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What’s the cost of a 3D print?

What’s the cost of a 3D print?

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What’s the cost of a 3D print?

Tutoring 5
Skill 4
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What does it cost to take an STL file and print it out on a typical home 3D FDM printer?

So, we’ve seen roughly how MUCH we can get 3D printed out of a 1kg spool of PLA (Polylactic Acid) filament on your average home printer (see my first project here) and onto your gaming tabletop. However, since there was still a little filament left on the spool, I figured I’d do another quick set of prints and this time try and calculate how much cold, hard cash it COSTS to print something out.

TLDR version: Not as much as you might think.

To turn a model file (typically referred to as an .STL file) into the instructions that your 3D printer can understand (called G-code), you need to run it through a program called a slicer. Basically, it does just what it sounds like it does – slices the model into thin layers that will then get printed out, one on top of the other until the model is done. One of the slicers I use is called Cura and is 100% free and extremely popular. You can get the latest version from Ultimaker here. [I won’t go into how you configure Cura for your printer as that’s a whole other project on its own and there are any number of websites, forums or Facepalm groups that can help you instead.]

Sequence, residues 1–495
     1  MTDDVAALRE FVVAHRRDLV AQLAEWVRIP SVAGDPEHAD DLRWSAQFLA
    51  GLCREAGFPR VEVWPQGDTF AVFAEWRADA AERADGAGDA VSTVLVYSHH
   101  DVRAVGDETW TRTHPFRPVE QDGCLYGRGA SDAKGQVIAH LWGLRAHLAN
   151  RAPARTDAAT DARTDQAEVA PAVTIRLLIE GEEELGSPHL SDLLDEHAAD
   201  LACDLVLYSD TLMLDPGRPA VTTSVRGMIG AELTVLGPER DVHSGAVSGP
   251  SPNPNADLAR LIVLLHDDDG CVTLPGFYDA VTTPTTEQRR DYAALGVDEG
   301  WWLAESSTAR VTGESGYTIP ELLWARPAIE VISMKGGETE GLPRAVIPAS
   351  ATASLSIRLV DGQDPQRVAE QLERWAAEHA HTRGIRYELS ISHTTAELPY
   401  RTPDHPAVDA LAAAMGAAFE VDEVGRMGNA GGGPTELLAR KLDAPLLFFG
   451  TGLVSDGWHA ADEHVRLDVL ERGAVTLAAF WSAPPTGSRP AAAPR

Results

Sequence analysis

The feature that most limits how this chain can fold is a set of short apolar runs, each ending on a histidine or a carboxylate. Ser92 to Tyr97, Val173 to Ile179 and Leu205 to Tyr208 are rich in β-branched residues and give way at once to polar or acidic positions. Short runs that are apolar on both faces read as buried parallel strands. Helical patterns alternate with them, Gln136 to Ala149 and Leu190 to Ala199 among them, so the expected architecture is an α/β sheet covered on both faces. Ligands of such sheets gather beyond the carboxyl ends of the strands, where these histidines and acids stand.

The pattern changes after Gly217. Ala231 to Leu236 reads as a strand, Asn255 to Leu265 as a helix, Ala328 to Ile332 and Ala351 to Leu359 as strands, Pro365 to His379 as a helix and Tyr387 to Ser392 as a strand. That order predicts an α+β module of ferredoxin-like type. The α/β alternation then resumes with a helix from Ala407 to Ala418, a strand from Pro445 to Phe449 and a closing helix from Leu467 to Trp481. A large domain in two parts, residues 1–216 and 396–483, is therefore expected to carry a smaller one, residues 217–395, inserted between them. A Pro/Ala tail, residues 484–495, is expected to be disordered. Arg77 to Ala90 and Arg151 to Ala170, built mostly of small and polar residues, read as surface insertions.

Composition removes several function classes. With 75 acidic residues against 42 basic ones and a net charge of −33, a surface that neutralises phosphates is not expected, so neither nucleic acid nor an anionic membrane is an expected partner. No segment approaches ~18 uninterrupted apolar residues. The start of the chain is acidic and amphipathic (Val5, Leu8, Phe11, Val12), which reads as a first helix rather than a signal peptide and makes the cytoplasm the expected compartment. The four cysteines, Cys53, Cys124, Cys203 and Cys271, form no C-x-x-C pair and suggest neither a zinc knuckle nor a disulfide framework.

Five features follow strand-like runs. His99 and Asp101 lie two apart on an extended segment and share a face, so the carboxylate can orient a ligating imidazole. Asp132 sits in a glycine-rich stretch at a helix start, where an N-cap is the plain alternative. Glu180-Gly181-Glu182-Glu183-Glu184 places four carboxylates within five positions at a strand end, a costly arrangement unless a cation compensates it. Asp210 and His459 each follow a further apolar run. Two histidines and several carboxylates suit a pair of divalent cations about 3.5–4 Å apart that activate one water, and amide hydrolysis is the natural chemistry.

Cura has basic material cost settings as standard – just go into the Material Cost section on Cura and update the various values as needed. I updated it with the price of an average spool of the filament I typically use (£17). Other slicer programs may have similar functions, I know Simplify3D does.

Cura's materials settingsCura's materials settings

However, I wanted some extra functions, so I added a free plugin to Cura (“Material Cost Tools”) from the Community Plugins section of the Cura Marketplace. This is handy but very much optional.

Others are available, but this is what I useOthers are available, but this is what I use

Then I loaded the first of my files in and hit the ‘slice’ button.

After a short delay, Cura presented me with an updated view of the rendered model and some data. This data not only had the standard stuff from Cura (such as estimated print time), but also showed the results from the newly installed plugin – namely the approximate amount of filament the print would use (in both grammes and metres), but also how much that amount of filament was valued at.

Cura's estimated details for the freshly sliced fileCura's estimated details for the freshly sliced file

This is a handy tool as it allows you to make changes to the way you slice the file (increase/decrease the layer height, infill, support settings, etc.) and after hitting the slice button an updated estimate is displayed. Great for trading off detail vs. print speed, etc. and faster prints mean less electricity usage.

That’s all well and good, but surely there’s more to it than this?

Indeed there is, read on…

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42 cents?

But, it’s a nice project. Feels a bit like you had that argument more then once with different people 😉

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